“I like it here, Grandma,” Marshmallow said. “Everything is clean and the food tastes good and the sheets smell like vanilla.”
“You’ve lived a lot of places, haven’t you, Marsha?”
“Yeah. Brussels was the best, but Rio and Calcutta were cool because if we hadn’t gone there, we wouldn’t have picked up Tomas and Kumie, and they belong with us. But it’s too bad that both those places were so stinky and noisy. But sometimes, Brussels was stinky, too. Like in the alleys. And London! London smelled like a monkey’s armpit!”
With all that moving about, Cinnamon wondered about the children’s schooling. Not that going to a traditional school was necessary! Her own children were home-schooled until Stellar decided he wanted to play soccer on the Windenburg Junior High team and Thalassa decided she wanted to ride the ferry in to town with her brother each morning. But they didn’t learn much at school, except sports and how to get along with other kids. The real learning–the botany, geometry, algebra, literature, music, art–they learned at home from Steve and her.
Thalassa reminded her so much of Steve. It wasn’t just the shape of her eyes, those high cheekbones, and that beautiful nose. It was in the way her mind worked, in the turn of phrase, even in the pauses between words and the way she looked up and to the right while visualizing the solution she was about to propose.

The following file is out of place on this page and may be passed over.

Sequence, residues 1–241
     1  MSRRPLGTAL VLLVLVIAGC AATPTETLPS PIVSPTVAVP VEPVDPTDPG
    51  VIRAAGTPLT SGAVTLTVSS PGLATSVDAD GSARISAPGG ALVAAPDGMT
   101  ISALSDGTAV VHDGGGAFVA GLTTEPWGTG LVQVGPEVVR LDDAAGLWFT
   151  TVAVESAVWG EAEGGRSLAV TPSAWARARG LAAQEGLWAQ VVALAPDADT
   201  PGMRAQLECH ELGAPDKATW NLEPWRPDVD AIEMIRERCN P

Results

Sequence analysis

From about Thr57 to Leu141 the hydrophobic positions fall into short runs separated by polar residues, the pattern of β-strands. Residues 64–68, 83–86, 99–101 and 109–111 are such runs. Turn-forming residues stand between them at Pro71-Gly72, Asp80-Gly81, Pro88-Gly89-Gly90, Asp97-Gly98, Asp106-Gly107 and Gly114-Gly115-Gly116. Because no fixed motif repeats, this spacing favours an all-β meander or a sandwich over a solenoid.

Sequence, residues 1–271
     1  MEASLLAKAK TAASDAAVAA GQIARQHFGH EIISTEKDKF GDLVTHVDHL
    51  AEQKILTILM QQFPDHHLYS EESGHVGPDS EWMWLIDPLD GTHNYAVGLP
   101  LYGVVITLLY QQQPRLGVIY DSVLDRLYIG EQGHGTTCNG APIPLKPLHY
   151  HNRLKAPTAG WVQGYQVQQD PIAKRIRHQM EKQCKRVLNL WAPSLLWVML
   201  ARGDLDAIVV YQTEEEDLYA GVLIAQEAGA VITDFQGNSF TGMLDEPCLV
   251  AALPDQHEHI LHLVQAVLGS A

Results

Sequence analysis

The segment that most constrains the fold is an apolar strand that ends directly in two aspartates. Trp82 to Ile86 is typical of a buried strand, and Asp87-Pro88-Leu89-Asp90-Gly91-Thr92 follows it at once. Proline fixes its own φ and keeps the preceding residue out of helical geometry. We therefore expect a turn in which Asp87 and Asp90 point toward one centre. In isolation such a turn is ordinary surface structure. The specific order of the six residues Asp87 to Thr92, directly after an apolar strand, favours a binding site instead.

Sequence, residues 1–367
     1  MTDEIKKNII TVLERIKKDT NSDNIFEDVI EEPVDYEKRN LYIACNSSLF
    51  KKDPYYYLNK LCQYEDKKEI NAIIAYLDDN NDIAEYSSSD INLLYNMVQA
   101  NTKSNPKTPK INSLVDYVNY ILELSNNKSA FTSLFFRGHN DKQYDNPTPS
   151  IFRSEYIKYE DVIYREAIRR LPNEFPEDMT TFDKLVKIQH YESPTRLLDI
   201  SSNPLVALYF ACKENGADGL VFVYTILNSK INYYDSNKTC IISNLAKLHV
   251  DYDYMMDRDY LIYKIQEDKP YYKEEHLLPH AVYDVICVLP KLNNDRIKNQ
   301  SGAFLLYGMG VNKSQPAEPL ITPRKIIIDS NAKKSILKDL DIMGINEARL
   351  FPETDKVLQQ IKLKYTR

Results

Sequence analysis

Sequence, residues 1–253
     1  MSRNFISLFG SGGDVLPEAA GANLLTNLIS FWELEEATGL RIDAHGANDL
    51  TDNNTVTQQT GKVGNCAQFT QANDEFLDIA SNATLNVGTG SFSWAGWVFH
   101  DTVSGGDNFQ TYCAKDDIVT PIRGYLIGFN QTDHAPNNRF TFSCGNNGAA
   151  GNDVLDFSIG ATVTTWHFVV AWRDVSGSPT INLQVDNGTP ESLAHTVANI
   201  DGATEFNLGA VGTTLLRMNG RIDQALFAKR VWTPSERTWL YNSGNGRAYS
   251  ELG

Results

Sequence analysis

She could read her children well. Stellar, she could read for he was just like her. One look at him, and she felt what he felt. Thalassa she could read by relying on the nonverbal lexicon that Steve taught her.
He would be so proud of her. He would be proud of both of them. He was always proud of Stellar, by default. Perhaps because Stellar was the first-born, but more likely because Stellar reminded Steve of Cinnamon, and Cinnamon had never had to work to impress her husband.
But Steve was always so hard on himself, and he naturally extended those impossibly high standards to his daughter, his tiny replica. Outwardly, she seemed to thrive under his expectations, rising to the top of her class her first year in school and maintaining that position through graduating valedictorian. Steve was thrilled when she received full scholarship to the medical school of her choice, and when she graduated, he pushed her to choose some arcane specialty. But he was gratified when her general practice brought her a position with Doctors without Borders.
Still, Cinnamon felt relived to have her daughter here, in this country, no matter how useful and humanitarian her work was.
“You remember the free clinic in town?” Cinnamon asked her daughter over early breakfast. “They do such good work there.”
“Yes, I’ve been keeping up with them,” Thalassa said. “I gave a presentation on their alternatives to vaccination, actually.”
“I heard they have an opening,” Cinnamon said.
“Right,” said Thalassa. “Dr. Barnes retired.”
“Ma, Uncle Stellar says he’s taking me to the beach after breakfast,” Kumar said. “We’re looking for sculpting stumps!”
When Cinnamon carried fresh sheets to the upstairs bedroom, she found Thalassa on the computer.
“Don’t let me disturb you!” she said, while she made the bed.
“Oh, it’s fine, Ma,” said Thalassa. “I’m just checking email.”
“There is, actually,” replied Thalassa. “About work.”